The Importance of Sheep

I was watching a TV programme about the Vikings the other day and it spent a lot of time talking about how impressive the Viking ships were, the amazing woodworking skills and the amount of work that went in to building the boat. All fascinating stuff. There are dozens of pages on the internet and videos on YouTube that will tell all about these incredible craftsmen and the near miracles they achieved only using a few basic handtools.

The longships allowed the Vikings to travel great distances, they were fast and light, able to travel in shallow water, and to reverse direction quickly . They were so important that the Vikings literally wouldn’t exist without them – going a-viking meant setting out on longship to visit other lands, whether for raiding or for trading.

Viking Longboat

If you read a few of these articles you’ll soon find out that while the longboats could be rowed, it was having sails that made the difference between sailing along the coast and being able to travel across the high seas to distant lands. Erik the Red sailed all the way to Canada. However, none of the websites or TV shows tell us anything about the sails other than that they existed.

The sails for Viking longboats were just as remarkable as the boats. Viking sails were made from wool, and to produce wool you need sheep. Sheep in viking times were smaller than they are today and produced less wool, it has been estimated that making the sails for a single Viking warship would have taken the wool of 1000 sheep.  Researchers at the Viking Ship Museum in Roskilde, Denmark, calculated that by the middle of the 11th century, the Viking fleet—fishing boats, coastal traders, cargo ships, and longships—used roughly one million square meters of sail, which means it would take two million sheep a year to produce enough wool.


It takes a lot of work to turn wool into sails. Viking age sheep shed their wool twice a year so rather than shearing tufts of loose wool would be plucked by hand. Four or five people would surround the sheep and take off a handful at a time. This took around 10 minutes for each sheep. The wool would be sorted as it was plucked, twisted into hanks and cured with fish oil so it could be stored for later use. The rest of the process would wait until autumn and winter when there was less work to do outdoors. Viking sheep had a two layer coat, so come autumn the first step was to seperate the long outer fleece from the shorter softer undercoat. The short fibres were sprinkled with more fish oil which would make them even softer.

The longer fibres were spun tightly in a clockwise direction. These would become the warp threads which would be set up on the warp weighted loom. They had to be strong to withstand the force of the wind no matter what the weather conditions were. The shorter fibres were spun loosely in an anti-clockwise direction – being looser they would be fluffy and mesh together making the surface windproof. These would be the weft threads. It would take two skilled woodworkers about two weeks to build a viking ship. It would take two skilled spinners a year just to make the yarn needed to weave a sail.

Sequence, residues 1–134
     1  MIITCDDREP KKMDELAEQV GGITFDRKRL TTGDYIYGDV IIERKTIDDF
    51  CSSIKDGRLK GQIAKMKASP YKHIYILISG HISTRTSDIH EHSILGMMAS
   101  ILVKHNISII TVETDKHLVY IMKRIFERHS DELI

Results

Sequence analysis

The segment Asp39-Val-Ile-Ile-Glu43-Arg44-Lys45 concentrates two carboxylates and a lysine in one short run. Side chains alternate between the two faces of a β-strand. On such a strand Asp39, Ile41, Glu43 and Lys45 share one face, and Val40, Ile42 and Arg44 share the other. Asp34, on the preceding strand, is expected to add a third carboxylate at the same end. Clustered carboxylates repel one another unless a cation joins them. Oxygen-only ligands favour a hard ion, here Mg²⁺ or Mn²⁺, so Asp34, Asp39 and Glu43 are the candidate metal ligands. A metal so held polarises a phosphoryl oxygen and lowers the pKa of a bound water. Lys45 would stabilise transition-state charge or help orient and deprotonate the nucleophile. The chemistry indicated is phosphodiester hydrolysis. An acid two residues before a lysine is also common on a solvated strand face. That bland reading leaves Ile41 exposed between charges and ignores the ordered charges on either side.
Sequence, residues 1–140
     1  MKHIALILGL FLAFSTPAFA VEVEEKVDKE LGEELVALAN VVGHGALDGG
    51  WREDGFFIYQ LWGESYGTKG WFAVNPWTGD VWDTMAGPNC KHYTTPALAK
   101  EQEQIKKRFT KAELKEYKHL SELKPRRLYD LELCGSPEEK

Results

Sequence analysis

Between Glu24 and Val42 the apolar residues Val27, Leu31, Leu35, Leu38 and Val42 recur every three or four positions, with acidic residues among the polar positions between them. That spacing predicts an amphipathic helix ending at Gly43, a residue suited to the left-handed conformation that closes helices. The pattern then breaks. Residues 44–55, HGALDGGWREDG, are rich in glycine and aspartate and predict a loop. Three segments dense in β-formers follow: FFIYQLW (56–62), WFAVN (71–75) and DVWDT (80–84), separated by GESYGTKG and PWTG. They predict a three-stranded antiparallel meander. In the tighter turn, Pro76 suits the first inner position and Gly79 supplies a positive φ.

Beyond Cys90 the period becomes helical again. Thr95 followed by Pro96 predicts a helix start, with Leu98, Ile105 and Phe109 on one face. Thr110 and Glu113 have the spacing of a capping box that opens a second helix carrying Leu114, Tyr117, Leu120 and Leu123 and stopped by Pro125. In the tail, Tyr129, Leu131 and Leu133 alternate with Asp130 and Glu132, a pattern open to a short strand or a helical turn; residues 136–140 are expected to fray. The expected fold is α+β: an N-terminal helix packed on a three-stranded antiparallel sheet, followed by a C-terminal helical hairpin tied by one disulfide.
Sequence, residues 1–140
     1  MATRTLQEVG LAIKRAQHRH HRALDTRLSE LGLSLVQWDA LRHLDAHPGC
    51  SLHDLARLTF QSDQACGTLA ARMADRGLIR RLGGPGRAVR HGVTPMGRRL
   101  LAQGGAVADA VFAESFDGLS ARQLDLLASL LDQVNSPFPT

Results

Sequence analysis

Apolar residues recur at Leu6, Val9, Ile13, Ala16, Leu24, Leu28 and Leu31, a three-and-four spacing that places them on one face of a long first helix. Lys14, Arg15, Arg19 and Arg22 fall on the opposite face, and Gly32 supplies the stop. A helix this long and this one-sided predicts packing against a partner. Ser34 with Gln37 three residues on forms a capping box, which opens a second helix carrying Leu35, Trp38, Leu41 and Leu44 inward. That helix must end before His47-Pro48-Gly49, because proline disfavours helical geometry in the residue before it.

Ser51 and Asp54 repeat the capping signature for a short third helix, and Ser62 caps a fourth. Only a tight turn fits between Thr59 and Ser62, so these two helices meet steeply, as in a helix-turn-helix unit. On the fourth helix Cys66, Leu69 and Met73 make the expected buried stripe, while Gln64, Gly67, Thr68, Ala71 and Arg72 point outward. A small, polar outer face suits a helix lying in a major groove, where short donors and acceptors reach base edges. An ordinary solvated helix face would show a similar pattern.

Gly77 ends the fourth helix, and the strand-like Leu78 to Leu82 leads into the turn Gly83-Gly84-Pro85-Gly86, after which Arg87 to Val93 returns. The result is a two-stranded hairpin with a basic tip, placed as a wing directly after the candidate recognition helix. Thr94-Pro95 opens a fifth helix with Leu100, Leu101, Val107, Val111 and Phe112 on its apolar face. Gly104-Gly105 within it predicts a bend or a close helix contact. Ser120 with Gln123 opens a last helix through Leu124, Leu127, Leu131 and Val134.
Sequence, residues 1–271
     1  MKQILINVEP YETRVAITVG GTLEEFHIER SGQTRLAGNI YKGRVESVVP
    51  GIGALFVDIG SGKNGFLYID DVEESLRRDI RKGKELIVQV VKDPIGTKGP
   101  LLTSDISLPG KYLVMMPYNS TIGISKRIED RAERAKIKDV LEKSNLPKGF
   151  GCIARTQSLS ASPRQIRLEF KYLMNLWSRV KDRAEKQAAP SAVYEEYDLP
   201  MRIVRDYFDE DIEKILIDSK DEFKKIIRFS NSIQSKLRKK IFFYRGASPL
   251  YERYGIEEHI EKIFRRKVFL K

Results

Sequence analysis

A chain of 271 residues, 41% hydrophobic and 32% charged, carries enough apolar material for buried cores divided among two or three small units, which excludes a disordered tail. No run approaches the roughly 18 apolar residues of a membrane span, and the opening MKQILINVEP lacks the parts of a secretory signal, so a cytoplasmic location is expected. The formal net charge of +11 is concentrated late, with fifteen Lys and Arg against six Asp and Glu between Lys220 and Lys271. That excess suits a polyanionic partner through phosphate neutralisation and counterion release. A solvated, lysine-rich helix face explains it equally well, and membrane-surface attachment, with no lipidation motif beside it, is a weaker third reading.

Woman spinning. Detail from an Ancient Greek attic white-ground oinochoe, ca. 490 BC, from Locri, Italy. British Museum, London.

Once the yarn was made the weaving could start. The sails were usually woven as twill (the fabric would appear to have diagonal lines), a skilled weaver would take around 20 hours to weave a metre of sail fabric. Viking sails were usually square and could easily be 100 square metres or more. The looms could only make narrow strips of cloth, the width was limited by the need to reach all the way through to pass the weft threads from side to side. With a long shuttle and a person working at either size the maximum width would be 5m wide although most were narrower, so a 100m square sail would take at least 2 strips of 10 metres – which is another 800 man hours of work.

Warp weighted loom

After the weaving the strips would be fulled, stretched and sewn together. Fulling combined washing the fabric with pounding it so the fibres meshed together. I don’t know for sure how the vikings fulled their cloth, but the Romans did it by having slaves trample on the cloth while ankle deep in urine. Other methods include bashing it with stones or clubs. After fulling the cloth would be washed before the next process.

The final step to making a Viking sail was smorring, the fabric was brushed with a mixture of water, horse fat, fish oil, and ochre when this had dried hot tallow or fir tar was rubbed into the sail. This process left the sail smooth, and completely wind and water proof.

It seems surprising to me that all of this work and the sheer amount of engineering involved in making sails doesn’t even warrant a mention in most discussions of Viking longboats – I can only assume this is because spinning and weaving were usually done by the women and most of the people writing about and researching Viking history are men. I learned all of this by reading The Golden Thread by Kassia St Clair – a fabulous book about the history and future of fabric. It really changed my perception of Viking Longboats and I highly recommend it to anyone interested in a different perspective on history.

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